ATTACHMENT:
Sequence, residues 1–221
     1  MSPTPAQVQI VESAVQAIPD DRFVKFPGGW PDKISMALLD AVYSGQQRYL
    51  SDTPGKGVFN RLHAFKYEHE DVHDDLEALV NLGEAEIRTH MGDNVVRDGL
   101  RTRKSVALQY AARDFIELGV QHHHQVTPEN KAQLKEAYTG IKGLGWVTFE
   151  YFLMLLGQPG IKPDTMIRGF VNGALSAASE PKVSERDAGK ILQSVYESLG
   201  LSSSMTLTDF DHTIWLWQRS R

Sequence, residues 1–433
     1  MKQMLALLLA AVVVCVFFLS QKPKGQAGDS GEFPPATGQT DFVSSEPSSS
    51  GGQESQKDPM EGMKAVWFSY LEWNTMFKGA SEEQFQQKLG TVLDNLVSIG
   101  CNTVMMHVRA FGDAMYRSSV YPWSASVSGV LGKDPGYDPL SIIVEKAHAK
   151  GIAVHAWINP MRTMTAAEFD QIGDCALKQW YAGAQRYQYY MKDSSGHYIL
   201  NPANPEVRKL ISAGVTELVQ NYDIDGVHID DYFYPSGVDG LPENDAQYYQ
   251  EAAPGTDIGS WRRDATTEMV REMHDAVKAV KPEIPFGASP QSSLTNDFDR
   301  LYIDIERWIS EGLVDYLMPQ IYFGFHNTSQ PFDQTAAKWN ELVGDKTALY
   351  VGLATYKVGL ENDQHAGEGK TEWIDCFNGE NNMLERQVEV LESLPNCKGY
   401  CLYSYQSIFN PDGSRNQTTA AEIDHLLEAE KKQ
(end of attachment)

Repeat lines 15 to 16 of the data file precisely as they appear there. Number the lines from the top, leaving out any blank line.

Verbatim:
   351  VGLATYKVGL ENDQHAGEGK TEWIDCFNGE NNMLERQVEV LESLPNCKGY
   401  CLYSYQSIFN PDGSRNQTTA AEIDHLLEAE KKQ